Home buyers suddenly have to pay more to get a mortgage loan. The US Treasury suddenly has to pay more when it borrows to finance the government.
This surge in interest rates raises a stark question about Federal Reserve policy: Is the Fed's latest effort to boost the economy helping or backfiring?
After all, just a few weeks ago economists were saying that, by launching a new program of buying US Treasury bonds, the Fed would exert downward pressure on interest rates and help spur the economy forward.
Instead, on Thursday Freddie Mac reported that the interest rate on a 30-year fixed mortgage averages 4.61 percent, a five-month high and up from 4.46 percent a week earlier. Keeping mortgage rates down is a key goal of the Fed, since rising borrowing costs make it harder for the housing market to recover.
Since October, interest rates on 10-year notes issued by the US Treasury have also soared, rising a full percentage point including a big spike this week. A rise of that speed and scale hasn't occurred since the immediate aftermath of the 2008 financial crisis.
Interest rates on corporate debts, which tend to follow Treasury trends, have also jumped.
All this doesn't prove that the Federal Reserve's policy called "quantitative easing" is failing. Many factors shape bond-market interest rates.
An improved economic outlook has made many investors more interested in owning stocks. In this situation, with fewer investors buying bonds, borrowers must pay a higher rate to obtain credit.
But to critics of the central bank, the Fed has some explaining to do.
At the very least, Fed policies have raised concerns about inflation in some quarters – which prompts lenders to demand higher interest rates to hedge the added risk to their money.
The Fed is already waging a public relations battle to defend its credibility. A new Bloomberg poll finds that more than half of Americans say the Fed should either be brought under tighter political control or abolished.
Those are harsh views of an institution that economists typically say should exist as a politically independent institution, tending the economy's money supply and acting as a bank for other banks during a crisis.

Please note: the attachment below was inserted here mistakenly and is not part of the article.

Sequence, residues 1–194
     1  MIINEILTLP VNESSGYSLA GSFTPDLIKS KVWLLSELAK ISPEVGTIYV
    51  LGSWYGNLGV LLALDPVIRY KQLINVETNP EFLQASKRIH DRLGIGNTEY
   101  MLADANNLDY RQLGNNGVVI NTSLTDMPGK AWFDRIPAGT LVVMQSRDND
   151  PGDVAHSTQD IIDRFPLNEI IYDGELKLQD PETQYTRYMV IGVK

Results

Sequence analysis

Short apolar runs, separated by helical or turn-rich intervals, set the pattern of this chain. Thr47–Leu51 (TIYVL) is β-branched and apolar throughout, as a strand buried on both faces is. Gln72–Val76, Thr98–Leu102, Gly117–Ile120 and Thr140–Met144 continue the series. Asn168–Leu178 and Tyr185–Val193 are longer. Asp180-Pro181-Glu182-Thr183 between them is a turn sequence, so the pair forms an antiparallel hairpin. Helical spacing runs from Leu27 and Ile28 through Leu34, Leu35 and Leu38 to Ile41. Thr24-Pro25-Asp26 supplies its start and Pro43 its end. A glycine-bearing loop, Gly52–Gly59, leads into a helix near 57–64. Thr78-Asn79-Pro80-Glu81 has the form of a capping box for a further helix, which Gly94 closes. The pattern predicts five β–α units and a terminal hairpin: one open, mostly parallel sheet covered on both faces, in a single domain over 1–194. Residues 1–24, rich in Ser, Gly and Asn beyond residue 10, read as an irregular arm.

Currently, the Fed's mandate from Congress is to seek both full employment and stability in the general price of goods and services.
The Fed's latest campaign is designed with both goals in mind. The stated aim is both to boost growth (helping employment) and to head off the risk of deflation if the economic recovery were to falter.
Here's how "quantitative easing," a policy that the Fed began hinting at in September and launched in November, is supposed to work.
By buying about $600 billion more Treasury debt in coming months, the Fed expands the quantity of assets on its balance sheet. In turn, this could ease monetary conditions in the economy, as stronger demand for Treasuries pushes down interest rates on those and other bonds.
The move could also stimulate the economy in other ways. It could nudge private-sector investors away from bonds and toward riskier assets – stocks. (A rising stock market could help American consumers and businesses feel able to spend more.)
Although many economists support the idea, others have voiced deep concerns that the policy will fuel inflation and debase the foreign-exchange value of the dollar.
Critics argue that the risk of relapse into recession is low, so more easing isn't needed. They question whether it will work. And beyond that, they worry it will backfire by fanning inflation and making it harder for the Fed to develop an exit strategy from monetary stimulus.
The recent rise in interest rates appears to have accelerated this week, which may reflect the influence of a tax-cut deal forged by President Obama with Republicans.
That news could push up interests rates for a good reason (more optimism about the economy and stock market) or a bad reason (worry that rising government debt makes American bonds riskier).